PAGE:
key performance data on foreclosure prevention efforts. (SLIDE 14) These monthly and quarterly
reports present data from more than 3,000 approved servicers on 30.7 million first-lien residential
mortgages serviced on behalf of Fannie Mae and Freddie Mac, of which 84 percent are prime. For
this report, FHFA created the loss mitigation performance ratio to measure the extent of Enterprise
efforts to assist borrowers at risk of losing their homes to foreclosure. The report gives us a
comprehensive view of the Enterprises’ borrower assistance efforts including forbearance plans,
delinquency advances, short sales, deeds in lieu, assumptions, and charge-offs in lieu of foreclosure.
The just released November report showed that for the first full two months of conservatorship,
October and November, the number of loan modifications increased 50 percent from the previous
two months.

Setting Best Practices

(SLIDE 15) Fannie Mae and Freddie Mac are developing best practices well beyond streamlined
loan modifications. In early January 2008, FHFA also revised policy guidance on examination of
mortgage fraud programs at Fannie Mae and Freddie Mac. The Enterprises have led the industry in
developing and implementing strategies to identify mortgage fraud. Their reporting to FHFA has
significantly enhanced our submissions to the Department of the Treasury’s FINCEN database. The
FBI and other federal regulators rely heavily on this database to identify, monitor, and investigate
mortgage fraud.

In late December, FHFA announced Fannie Mae and Freddie Mac will implement a revised Home
Valuation Code of Conduct, effective May 1, 2009. The code enhances protections for appraisers
while maintaining lenders’ ability to address unprofessional appraisal practices and ensure appraisal
quality. It establishes appraisal independence safeguards and prevents improper influences on
appraisers. The code also requires appraisal quality control testing, reporting on appraiser
misconduct, and the creation of the Independent Valuation Protection Institute.

FHFA announced last month that it will require loan-level identifiers for the loan originator, loan
origination company, field appraiser, and supervisory appraiser beginning January 1, 2010. This
will allow the Enterprises to identify originators and appraisers at the loan-level and to monitor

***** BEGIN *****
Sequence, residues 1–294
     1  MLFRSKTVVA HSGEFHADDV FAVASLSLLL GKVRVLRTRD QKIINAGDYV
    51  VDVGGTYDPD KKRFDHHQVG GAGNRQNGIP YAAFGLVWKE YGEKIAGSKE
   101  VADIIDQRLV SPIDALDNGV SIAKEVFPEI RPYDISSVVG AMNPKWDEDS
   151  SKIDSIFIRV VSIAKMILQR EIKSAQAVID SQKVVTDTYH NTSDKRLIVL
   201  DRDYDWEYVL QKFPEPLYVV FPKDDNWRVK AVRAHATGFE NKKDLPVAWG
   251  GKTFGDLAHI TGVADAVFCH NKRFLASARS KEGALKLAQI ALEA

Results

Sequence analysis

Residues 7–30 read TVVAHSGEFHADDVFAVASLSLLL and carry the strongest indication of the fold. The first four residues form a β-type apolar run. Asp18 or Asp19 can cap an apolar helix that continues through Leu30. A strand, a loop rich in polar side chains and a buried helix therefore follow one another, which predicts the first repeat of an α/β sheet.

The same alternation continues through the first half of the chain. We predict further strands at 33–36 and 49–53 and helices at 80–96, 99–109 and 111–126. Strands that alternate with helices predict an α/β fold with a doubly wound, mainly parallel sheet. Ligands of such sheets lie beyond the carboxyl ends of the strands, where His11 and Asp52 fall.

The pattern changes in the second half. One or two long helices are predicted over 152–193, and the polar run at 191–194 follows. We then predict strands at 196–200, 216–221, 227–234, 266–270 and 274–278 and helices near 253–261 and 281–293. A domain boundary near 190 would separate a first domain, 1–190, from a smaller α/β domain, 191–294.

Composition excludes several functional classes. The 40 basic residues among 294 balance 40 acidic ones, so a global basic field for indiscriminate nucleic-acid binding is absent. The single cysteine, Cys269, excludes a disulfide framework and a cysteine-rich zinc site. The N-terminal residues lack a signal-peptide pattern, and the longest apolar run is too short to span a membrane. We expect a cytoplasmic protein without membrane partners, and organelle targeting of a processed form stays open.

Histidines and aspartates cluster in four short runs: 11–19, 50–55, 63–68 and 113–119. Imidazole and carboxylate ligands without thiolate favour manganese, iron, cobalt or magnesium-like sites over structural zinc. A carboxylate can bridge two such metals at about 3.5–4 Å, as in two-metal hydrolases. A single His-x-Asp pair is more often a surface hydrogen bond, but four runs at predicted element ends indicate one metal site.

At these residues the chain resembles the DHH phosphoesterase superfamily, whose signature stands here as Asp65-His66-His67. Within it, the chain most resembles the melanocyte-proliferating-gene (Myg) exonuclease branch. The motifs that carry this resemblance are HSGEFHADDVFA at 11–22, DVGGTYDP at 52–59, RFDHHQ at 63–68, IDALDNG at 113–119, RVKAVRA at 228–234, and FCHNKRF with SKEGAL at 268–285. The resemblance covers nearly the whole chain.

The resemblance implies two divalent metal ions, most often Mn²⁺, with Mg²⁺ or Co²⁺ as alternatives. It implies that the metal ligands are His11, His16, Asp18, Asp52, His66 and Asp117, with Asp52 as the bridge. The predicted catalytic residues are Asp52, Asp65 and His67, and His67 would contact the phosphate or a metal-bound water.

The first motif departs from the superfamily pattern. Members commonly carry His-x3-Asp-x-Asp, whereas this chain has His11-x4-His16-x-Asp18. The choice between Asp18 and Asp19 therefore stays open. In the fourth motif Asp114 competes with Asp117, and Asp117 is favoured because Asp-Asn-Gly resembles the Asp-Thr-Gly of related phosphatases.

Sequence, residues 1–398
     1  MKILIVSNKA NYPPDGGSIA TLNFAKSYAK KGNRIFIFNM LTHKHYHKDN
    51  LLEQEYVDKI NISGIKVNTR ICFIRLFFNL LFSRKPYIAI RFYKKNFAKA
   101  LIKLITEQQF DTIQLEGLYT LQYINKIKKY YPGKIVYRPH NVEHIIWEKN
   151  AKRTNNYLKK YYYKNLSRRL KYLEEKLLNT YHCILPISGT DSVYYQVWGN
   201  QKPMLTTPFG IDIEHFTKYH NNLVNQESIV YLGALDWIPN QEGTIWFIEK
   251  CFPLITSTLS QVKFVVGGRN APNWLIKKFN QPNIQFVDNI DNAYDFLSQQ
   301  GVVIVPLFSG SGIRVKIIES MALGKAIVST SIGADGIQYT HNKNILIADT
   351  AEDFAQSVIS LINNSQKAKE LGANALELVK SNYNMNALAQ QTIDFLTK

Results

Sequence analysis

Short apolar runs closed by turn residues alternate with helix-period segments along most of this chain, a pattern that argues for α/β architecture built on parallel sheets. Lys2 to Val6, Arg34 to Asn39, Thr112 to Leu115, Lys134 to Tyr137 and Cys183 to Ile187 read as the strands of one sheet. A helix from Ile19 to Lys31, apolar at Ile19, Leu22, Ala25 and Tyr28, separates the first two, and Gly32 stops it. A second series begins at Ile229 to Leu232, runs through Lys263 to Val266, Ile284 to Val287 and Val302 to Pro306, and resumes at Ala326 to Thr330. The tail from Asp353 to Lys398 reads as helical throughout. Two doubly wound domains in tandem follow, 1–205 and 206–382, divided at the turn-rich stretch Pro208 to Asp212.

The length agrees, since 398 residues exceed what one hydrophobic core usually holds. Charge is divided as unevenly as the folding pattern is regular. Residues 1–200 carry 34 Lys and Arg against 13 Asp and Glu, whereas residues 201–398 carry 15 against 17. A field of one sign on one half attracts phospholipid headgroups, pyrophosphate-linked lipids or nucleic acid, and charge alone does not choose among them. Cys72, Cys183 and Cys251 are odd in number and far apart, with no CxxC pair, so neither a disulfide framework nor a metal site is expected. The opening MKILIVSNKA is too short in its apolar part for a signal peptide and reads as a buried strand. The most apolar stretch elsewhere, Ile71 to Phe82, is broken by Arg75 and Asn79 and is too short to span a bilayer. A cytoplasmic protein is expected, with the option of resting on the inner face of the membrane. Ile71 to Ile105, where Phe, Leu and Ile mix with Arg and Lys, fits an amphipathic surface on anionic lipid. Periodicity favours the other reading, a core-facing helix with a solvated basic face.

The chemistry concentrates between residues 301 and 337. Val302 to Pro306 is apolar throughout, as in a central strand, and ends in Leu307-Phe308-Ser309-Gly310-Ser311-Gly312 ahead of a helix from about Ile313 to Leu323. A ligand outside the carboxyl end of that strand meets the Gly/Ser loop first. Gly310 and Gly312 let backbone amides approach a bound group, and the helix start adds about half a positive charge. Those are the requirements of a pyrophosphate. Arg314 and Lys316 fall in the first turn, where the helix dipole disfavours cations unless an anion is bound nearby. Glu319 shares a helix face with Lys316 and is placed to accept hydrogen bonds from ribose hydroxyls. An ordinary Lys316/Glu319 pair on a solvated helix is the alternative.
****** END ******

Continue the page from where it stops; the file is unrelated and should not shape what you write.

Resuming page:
performance and trends of their loans. If originators or appraisers have contributed to the incidences
of mortgage fraud, these identifiers will enable the Enterprises to get to the root of the problem and
address the issues. More importantly, if the perpetrators know that they are going to be identified,
the program should help to reduce fraud.

Before concluding, I would like to strike a positive note. The fall in mortgage rates that the
Treasury and Federal Reserve Bank’s purchases have triggered is a very important step in
stabilizing the mortgage market. Affordability has reached all time highs. The housing actions
taken in the Stimulus package and Secretary Geithner’s announcements on TARP and housing
actions are extremely important next steps to housing recovery. (SLIDE 16)


I want to conclude my remarks by reflecting on how the industry has gotten to this point, and how
we have to move forward. For years Fannie Mae, Freddie Mac, and FHA set the standards for
prudent mortgage underwriting and credit practices. Those standards were adopted by the private,
prime jumbo market, and largely prevailed until the ascendance of the private-label securities
market, which provided the capital to fund subprime, Alt-A, and nontraditional loans. Increasingly,
the private market—driven primarily by the Wall Street distribution model, rating agency criteria,
and over-enthusiastic investors—lowered the credit bar. Eventually, in response to declining market
share, Fannie Mae and Freddie Mac began to follow suit. We all know the results.

With Fannie Mae and Freddie Mac standing behind the credit risk, financial engineers could focus
their expertise on the creation of innovative products to help investors manage mortgage interest